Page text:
Emblematic of the division splitting the nation’s liberals, the California Democratic Party decided not to endorse in the U.S. Senate or gubernatorial contests Saturday at their annual convention in San Diego. The move was a notable rebuke of veteran Sen. Dianne Feinstein, who has represented California in the upper house for a quarter-century.
Feinstein, 84, is facing an insurgent bid by fellow Democrat Kevin de León, who is calling for generational change and a more aggressive and confrontational approach to President Trump. Though De León did not get the endorsement, he and his advisors noted that a large percentage of the state’s Democratic leaders opposed the endorsement of Feinstein, a remarkable opposition to a woman who is a part of the party firmament.
“The outcome of today’s endorsement vote is an astounding rejection of politics as usual, and it boosts our campaign’s momentum as we all stand shoulder-to-shoulder against a complacent status quo,” De León said. “California Democrats are hungry for new leadership that will fight for California values from the frontlines, not equivocate on the sidelines.”
As Feinstein addressed the thousands of Democrats gathered in San Diego for their annual convention, she touted her tenure, notably her efforts on gun control. After she failed to obtain the state party endorsement, her longtime advisor argued that Feinstein, as a senior senator in Washington, D.C., could not shower party regulars with as much attention as De León could.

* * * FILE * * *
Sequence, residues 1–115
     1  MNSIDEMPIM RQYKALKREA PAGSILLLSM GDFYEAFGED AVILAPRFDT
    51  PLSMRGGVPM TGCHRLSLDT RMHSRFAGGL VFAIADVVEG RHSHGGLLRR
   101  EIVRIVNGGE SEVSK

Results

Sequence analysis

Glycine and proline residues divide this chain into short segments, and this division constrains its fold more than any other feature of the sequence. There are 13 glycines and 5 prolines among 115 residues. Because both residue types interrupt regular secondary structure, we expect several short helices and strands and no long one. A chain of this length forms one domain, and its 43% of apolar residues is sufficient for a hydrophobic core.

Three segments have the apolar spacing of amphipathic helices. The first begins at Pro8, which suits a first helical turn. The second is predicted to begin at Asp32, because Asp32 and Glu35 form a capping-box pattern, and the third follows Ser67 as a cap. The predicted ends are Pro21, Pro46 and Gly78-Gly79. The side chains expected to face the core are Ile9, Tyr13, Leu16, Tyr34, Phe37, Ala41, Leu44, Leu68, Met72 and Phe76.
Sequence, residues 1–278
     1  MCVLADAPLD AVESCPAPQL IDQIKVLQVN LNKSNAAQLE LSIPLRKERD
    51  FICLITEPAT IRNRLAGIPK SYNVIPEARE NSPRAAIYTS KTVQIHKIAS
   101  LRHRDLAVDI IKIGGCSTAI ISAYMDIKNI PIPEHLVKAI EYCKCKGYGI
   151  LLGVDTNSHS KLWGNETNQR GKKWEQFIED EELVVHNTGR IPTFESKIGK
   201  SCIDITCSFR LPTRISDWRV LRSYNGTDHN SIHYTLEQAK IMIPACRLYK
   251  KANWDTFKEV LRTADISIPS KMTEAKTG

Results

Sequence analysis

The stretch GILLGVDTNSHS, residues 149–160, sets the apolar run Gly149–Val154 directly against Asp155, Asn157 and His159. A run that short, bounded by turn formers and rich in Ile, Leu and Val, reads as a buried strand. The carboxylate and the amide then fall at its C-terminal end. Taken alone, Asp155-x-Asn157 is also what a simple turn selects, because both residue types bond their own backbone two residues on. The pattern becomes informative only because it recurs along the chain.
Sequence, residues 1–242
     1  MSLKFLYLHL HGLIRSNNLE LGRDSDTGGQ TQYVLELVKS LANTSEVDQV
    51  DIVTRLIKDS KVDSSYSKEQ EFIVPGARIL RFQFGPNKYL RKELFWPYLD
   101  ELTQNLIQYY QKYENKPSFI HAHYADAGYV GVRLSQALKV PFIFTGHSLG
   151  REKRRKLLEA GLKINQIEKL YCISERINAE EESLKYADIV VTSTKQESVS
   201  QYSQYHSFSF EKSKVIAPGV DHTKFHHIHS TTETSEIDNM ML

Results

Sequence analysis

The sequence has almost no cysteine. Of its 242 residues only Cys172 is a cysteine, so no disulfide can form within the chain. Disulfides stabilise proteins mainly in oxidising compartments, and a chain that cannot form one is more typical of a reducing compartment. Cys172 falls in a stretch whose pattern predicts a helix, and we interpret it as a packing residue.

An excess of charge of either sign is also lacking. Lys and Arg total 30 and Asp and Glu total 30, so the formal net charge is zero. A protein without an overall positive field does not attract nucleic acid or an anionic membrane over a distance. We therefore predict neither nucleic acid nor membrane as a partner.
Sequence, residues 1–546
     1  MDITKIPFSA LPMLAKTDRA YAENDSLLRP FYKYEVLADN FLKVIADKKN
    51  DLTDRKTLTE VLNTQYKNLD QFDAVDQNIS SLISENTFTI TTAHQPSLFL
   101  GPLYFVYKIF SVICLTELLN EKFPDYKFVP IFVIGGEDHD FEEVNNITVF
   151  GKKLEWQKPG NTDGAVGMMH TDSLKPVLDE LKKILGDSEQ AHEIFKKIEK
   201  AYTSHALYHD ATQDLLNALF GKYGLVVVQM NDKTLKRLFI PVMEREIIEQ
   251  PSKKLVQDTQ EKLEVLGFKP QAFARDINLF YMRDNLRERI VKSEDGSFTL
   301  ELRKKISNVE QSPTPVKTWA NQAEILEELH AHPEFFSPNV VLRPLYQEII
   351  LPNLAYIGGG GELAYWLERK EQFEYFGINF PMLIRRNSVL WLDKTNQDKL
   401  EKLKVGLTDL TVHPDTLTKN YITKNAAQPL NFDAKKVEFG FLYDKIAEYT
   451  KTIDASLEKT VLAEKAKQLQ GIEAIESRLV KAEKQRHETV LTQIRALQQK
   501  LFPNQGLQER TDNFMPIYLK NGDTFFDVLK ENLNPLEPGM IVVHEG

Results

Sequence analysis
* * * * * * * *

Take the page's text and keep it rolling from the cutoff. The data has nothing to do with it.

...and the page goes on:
“He spent a lot of time working the party stuff over the years,” said Bill Carrick, Feinstein’s senior aide. “She’s obviously a senator in Washington with a very serious day job.”
He also noted that the party endorsement contest drew the party’s most fervent activists, not the average voter.
“I don’t want to denigrate anybody, but as a subset, this is not a primary election,” Carrick said.
In the governor’s race, none of the top Democrats in the running will go into the June 5 primary election with the party’s endorsement.
Votes cast by delegates at the convention splintered among the four top Democrats in the race: Lt. Gov. Gavin Newsom, state Treasurer John Chiang, former state schools chief Delaine Eastin and former Los Angeles Mayor Antonio Villaraigosa.
A candidate had to capture 60% of the delegate votes to win the party’s seal of approval — which was considered unlikely given the field of politicians in the race with deep ties to the state party.
Newsom received the most votes — 39% — winning a consolation prize of bragging rights. He was trailed by Chiang at 30%, Eastin at 20% and Villaraigosa at 9%. Villaraigosa was expected to have a tough battle for votes: He has not regularly attended party conventions or run for statewide office.
There were also no endorsements in the races for lieutenant governor or state attorney general.